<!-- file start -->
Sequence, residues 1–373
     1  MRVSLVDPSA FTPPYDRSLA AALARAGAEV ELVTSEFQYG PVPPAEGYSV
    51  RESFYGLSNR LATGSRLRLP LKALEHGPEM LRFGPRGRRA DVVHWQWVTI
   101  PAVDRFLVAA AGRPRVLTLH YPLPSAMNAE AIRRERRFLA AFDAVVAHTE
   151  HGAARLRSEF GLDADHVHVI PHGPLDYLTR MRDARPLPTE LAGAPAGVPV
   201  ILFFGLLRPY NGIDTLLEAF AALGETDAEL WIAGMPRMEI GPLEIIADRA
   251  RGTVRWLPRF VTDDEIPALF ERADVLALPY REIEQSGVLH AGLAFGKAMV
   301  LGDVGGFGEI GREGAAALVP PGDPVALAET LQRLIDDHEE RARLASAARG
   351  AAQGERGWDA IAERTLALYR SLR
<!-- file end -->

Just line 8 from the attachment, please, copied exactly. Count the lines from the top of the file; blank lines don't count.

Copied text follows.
   301  LGDVGGFGEI GREGAAALVP PGDPVALAET LQRLIDDHEE RARLASAARG